• L would otherwise sort cards into at least 8 piles based on colour-digit associations

    • Resulting piles were recorded, entered into a dissimilarity matrix

Experiment 3 results

Experiment 3Results

  • Within-groups hierarchical cluster analysis was performed on the dissimilarity matrix

    • Four cluster solution had a coefficient of zero, so it was used (1-3 ranged from 53.25 to 8.47 respectively)

Experiment 3 results cont d

Experiment 3Results cont’d…

  • The four-cluster solution leads to a three-concept division for the non-synaethesiasts

    • “reddish”, “not red, but typically chromatic”, “other”

      • “Reddish” are digits identifiable on the colour wheel as having a red hue, sometimes with 57

      • “Not red, but typically chromatic” are mostly digits identifiable on the colour wheel, but sometimes containing 57, 61, 64

      • 85 and 86 in “other” as being “green-red”

      • 98 was by itself as being “orange-purple”

Experiment 3 discussion

Experiment 3Discussion

  • Suggest distinction between two ‘typical’ groupings could be due to a “…metaphorical/emotional dichotomy between ‘warm’ and ‘cool’ colours.”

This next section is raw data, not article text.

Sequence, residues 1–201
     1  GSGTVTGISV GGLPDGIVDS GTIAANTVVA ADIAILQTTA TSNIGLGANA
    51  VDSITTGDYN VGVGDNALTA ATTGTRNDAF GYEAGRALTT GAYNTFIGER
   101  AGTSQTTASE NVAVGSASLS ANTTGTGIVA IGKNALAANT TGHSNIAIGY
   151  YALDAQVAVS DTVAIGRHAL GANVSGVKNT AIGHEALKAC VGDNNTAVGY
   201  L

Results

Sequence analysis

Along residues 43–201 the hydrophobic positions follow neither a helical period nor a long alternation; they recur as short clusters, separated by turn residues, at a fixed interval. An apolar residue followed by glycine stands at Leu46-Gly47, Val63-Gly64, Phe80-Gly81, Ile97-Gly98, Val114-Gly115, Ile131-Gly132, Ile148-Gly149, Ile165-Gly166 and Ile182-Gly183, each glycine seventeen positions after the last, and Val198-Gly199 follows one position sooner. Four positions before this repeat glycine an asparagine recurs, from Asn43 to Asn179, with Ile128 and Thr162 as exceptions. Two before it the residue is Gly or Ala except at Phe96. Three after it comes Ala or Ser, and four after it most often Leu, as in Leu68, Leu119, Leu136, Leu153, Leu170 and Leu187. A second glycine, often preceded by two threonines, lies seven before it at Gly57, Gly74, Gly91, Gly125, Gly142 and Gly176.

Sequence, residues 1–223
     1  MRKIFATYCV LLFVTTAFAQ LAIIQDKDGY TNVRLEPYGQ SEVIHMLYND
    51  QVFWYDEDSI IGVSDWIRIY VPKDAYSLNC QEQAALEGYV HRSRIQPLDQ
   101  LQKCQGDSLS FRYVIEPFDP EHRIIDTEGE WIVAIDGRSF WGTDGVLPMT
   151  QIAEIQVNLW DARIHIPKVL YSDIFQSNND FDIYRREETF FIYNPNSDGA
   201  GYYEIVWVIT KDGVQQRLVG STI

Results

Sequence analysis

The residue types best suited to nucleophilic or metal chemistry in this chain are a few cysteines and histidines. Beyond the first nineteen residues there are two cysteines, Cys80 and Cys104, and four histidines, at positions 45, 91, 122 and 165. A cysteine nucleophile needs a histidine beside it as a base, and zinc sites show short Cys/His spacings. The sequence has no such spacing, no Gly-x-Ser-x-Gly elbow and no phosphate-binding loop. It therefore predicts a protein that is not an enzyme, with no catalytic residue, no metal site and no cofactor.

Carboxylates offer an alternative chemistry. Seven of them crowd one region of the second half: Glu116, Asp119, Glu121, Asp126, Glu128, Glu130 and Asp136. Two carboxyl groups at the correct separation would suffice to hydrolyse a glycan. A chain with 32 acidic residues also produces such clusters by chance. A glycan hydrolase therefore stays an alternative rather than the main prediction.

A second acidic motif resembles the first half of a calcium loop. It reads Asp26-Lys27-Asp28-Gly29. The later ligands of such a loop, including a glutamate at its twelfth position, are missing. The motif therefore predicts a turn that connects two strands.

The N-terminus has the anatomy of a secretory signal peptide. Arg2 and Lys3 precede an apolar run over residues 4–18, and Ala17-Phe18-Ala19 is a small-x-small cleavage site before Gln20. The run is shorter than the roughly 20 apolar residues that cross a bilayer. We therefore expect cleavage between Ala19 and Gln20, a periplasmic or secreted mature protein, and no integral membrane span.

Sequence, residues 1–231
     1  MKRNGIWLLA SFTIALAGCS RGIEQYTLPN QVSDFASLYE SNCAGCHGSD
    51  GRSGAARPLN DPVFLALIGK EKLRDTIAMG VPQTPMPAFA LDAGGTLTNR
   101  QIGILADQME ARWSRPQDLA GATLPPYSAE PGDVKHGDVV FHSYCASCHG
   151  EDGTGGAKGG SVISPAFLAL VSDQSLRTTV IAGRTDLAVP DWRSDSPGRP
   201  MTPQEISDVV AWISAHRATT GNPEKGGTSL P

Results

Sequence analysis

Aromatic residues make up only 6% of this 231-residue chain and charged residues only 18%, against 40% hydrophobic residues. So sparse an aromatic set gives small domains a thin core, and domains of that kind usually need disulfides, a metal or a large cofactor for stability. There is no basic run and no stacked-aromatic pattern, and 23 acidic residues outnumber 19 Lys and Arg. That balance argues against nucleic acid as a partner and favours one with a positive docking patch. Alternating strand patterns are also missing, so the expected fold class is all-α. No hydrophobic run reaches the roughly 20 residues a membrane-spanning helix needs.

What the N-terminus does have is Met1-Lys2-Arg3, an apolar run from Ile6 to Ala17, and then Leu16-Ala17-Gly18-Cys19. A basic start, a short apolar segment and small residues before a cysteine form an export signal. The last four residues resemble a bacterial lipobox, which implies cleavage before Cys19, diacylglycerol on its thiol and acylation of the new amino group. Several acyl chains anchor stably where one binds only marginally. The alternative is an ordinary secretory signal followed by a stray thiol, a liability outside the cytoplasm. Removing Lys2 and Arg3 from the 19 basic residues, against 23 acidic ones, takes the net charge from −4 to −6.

• No further evidence

  • Conclude that Euclidean space is insufficient means to explain the colour-digit associations with Synaesthesia

    • 98 was described as a “hollow sphere of orange and greyish purple that is as real as red or green” but L stated she had “never seen anywhere in the world”

Odgaard et al general discussion

Odgaard et al. General Discussion

  • Stroop-style tasks can be used to better fulfill the diagnostic criteria of Synaesthesia

  • Lexical component discredits idea that Synaesthesia occurs in the limbic system

    • More likely due to the cortex being unable to modulate sensory information; development after or during lexical development

  • Synaesthesia could be the result of atypical neural development

    • Improbable due to onset of lexical ability

  • Or, could be result of experiences

    • Associations are learned, making child ‘prepared for Synaesthesia,’ then Synaesthesia develops with lexical ability

      • Unclear how it works; no research



  • Login